Publishers of technology books, eBooks, and videos for creative people

Home > Articles > Web Design & Development > HTML/XHTML

  • Print
  • + Share This
This chapter is from the book

Making a Copy of a Playing Video

In the previous example, you saw how easy it was to take screen shots of a video as it’s playing. But what if you wanted to take that a bit further and update the copied image automatically as the main video is playing, in effect, creating an exact copy of the video, but smaller? All you need to do is use the same code from the preceding example and add listeners for various events that update the image in the canvas element.

Recall from Chapter 5 the events that are raised when a video is playing, paused, stopped, or ended. It is these events, more specifically the play, paused, and ended events, that you need to use.

To achieve the video copy, you need to use the standard setInterval() function, which allows you to specify that a particular JavaScript function is to be called at specific intervals. When the video starts to play, you listen and catch the play event, and using the setInterval() function, set the snap() function you defined earlier to be called every 33 milliseconds:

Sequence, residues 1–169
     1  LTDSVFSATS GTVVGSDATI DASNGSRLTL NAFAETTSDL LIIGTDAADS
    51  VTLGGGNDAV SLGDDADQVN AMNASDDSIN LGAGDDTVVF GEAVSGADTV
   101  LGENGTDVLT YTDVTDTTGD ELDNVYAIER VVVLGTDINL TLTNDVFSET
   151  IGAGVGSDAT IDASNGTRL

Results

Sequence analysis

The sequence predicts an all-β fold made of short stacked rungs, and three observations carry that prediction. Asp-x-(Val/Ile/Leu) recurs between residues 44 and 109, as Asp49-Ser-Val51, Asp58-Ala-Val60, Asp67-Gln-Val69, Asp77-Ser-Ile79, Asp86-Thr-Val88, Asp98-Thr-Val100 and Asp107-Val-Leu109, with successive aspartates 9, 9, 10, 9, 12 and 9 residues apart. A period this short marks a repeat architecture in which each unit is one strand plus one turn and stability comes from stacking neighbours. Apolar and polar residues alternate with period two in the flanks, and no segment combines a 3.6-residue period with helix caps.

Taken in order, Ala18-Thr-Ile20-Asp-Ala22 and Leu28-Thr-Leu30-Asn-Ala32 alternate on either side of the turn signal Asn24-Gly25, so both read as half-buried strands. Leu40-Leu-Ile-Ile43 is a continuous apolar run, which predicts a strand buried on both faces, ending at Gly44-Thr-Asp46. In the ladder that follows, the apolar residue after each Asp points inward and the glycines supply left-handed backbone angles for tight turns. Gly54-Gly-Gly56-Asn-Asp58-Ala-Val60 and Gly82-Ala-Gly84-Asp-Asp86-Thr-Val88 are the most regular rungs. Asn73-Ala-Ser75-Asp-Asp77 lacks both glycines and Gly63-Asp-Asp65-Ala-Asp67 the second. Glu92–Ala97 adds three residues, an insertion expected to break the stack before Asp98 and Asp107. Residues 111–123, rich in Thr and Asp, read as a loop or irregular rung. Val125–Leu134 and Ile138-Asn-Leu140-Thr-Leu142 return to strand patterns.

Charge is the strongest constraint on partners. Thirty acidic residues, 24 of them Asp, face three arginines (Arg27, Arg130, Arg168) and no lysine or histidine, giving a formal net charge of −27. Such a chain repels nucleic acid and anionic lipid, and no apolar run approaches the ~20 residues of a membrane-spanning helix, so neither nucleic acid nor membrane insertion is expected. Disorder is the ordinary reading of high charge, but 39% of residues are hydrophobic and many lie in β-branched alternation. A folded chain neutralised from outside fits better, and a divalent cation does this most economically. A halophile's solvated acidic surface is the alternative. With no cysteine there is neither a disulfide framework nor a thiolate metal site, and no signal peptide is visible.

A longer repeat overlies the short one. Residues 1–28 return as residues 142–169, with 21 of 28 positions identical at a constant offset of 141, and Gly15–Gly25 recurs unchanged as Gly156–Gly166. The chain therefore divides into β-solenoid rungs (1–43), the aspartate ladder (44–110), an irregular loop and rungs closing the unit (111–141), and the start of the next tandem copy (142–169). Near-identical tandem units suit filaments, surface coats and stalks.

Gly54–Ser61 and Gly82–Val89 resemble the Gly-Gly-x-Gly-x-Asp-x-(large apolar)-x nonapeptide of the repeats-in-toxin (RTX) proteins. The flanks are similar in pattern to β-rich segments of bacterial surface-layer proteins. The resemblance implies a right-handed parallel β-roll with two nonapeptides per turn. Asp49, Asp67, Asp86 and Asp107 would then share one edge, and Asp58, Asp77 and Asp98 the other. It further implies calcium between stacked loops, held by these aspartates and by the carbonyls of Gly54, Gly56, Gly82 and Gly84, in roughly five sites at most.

video.addEventListener(‘play’, function() {
	setInterval(“snap()”, 33);
}, false);

This code causes the snap() function to automatically update the canvas’s drawing context with a new screen shot of the video, which makes it look like it’s actually playing (Figure 9.3).

Figure 9.3

Figure 9.3 The canvas element on the right updates automatically as the video is playing, keeping it in sync with the video (A and B).

You also should listen for when the video has been paused or ended (using the paused and ended events) so that you can stop the snap() function from being called at the intervals defined. To clear an interval, you call the standard JavaScript function clearInterval():

video.addEventListener(‘paused’, function() {
}, false);
video.addEventListener(‘ended’, function() {
}, false);

And that’s all there is to it. When you play the video, it will update the image in the canvas as it’s playing, even if you skip ahead (Figure 9.4). And when you pause it or end it, the canvas image will stop being updated.

Figure 9.4

Figure 9.4 The video stays in sync (A) even when you use the seek control to jump ahead in the video (B).

In a similar vein, but slightly more complicated, you’ll next make the video copy appear in greyscale, unlike the colour original. To do this, you need to manipulate the actual pixels of the video, which once again is not as complicated as it might sound.

  • + Share This
  • 🔖 Save To Your Account